Formerly, my thoughts on OpenBSD were scattered around my website. I’d allude to its strengths when needed; however, that approach made my argumentation feel disjointed as a result. Overall, it seems more sensible to have a central place to talk about these things that can be linked to from elsewhere.
Firstly, I’d like to bring up the ‘dealbreakers.’ I wouldn’t recommend OpenBSD to those that:
If you remain unfettered by these, or at least aren’t bothered by them too much, continue on. Otherwise, perhaps Librehunt will be of more avail.
When I say simplicity, I mean architectural simplicity. OpenBSD follows the Unix philosophy and consciously avoids feature creep. There aren’t as many bells and whistles compared to other operating systems and that’s good! That means there’s less to sift through if something breaks.
One of Linux’s strengths is also a grave weakness: the abundance of
choice. Deciding what implementation to use for a mail/web/DNS/NTP
server is a task in itself, as there are many out there. With OpenBSD,
one already has a sane, powerful, and secure suite of software to choose
from, also known as the base
instance, a secure web server with automated certificate renewal can be
acme-client(1), all without
installing any additional software.
See OpenBSD’s “innovations” page for more cool software and ideas developed by the OpenBSD project. Did you know that OpenSSH is an OpenBSD project?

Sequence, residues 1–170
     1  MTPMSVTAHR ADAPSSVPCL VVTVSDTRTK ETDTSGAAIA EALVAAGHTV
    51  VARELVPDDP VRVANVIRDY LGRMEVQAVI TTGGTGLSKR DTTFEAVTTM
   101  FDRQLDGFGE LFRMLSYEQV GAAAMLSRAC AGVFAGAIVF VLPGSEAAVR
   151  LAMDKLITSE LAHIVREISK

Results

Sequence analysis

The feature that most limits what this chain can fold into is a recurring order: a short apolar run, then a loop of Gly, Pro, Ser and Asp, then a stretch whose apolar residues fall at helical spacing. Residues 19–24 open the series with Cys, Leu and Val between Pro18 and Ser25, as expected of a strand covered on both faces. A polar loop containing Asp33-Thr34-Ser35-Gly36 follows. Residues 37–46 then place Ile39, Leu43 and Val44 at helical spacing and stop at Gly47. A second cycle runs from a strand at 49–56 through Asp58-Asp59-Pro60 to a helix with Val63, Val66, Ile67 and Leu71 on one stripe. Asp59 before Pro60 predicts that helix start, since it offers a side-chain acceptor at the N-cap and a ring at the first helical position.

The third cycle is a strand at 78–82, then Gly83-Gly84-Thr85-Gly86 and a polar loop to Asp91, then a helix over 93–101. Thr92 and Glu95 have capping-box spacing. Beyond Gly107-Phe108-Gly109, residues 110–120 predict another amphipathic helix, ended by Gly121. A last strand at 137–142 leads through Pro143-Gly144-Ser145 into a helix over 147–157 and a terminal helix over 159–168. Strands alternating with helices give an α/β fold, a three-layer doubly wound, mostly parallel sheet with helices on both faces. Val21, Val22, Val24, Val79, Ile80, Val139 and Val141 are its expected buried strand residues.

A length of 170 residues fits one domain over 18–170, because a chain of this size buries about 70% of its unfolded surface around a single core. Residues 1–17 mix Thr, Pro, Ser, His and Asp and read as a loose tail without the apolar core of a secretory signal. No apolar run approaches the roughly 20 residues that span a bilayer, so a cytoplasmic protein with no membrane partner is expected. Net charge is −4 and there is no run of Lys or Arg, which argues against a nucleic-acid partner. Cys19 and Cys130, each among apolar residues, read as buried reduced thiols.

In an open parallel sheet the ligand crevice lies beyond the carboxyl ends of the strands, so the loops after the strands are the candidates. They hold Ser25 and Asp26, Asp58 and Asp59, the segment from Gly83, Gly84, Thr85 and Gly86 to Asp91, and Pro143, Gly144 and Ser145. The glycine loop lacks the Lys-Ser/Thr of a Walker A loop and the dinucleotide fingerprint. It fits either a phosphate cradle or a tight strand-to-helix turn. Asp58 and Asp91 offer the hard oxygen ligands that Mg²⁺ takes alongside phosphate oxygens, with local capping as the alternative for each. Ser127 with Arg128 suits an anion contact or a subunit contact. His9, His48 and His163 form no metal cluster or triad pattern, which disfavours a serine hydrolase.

OpenBSD feels transparent and comprehensible. Between the FAQ, man
pages, and mailing lists, as well as other resources
/usr/local/share/doc/pkg-readmes), OpenBSD gives one the tools to
understand any problems one may run into at a fundamental level. It’s a
didactic environment well-suited to anyone with a DIY attitude.
Of course, no discussion of OpenBSD’s strengths would be complete
without mention of its focus on
security. One great example is
unveil(2) support for Firefox and Tor
Browser. There’s no reason these browsers should be able to read
~/.gnupg, or private documents, so they can’t. If they request a file
or capability outside of those that are whitelisted (
~/Downloads being one
such whitelisted location), they’ll fail. As a result, the amount of
damage a malicious extension or browser exploit can wreak is much less
kern.audio.record are both set to
default, meaning that no video or audio can be recorded without
This might sound strange. Surely Linux supports more hardware, no? The
key is that when OpenBSD supports a piece of hardware, it supports it
really well. Things that are often a struggle to set up on minimalist
Linux distributions are a piece of cake on OpenBSD. Power management,
CPU frequency scaling, and hibernate + suspend are easily handled by
apmd(8), for example.
Enable the service.
# rcctl enable apmd
Ensure that it’ll be started in automatic performance adjustment mode.
# rcctl set apmd flags '-A'
Finally, start the service.
# rcctl start apmd
The only unusual thing regarding hardware compatibility is that binary
blobs, needed sometimes for graphics and wireless, aren’t distributed
with the installation images. Rather, they’re automatically detected and
first boot given a functioning Internet connection. I’d say it’s a
superior approach overall, as binary blobs are a security risk and using
a tool like this ensures only what’s needed is installed.
I mean this both in terms of system stability and how fast things change. A constantly changing system is a nightmare to maintain for system administrators.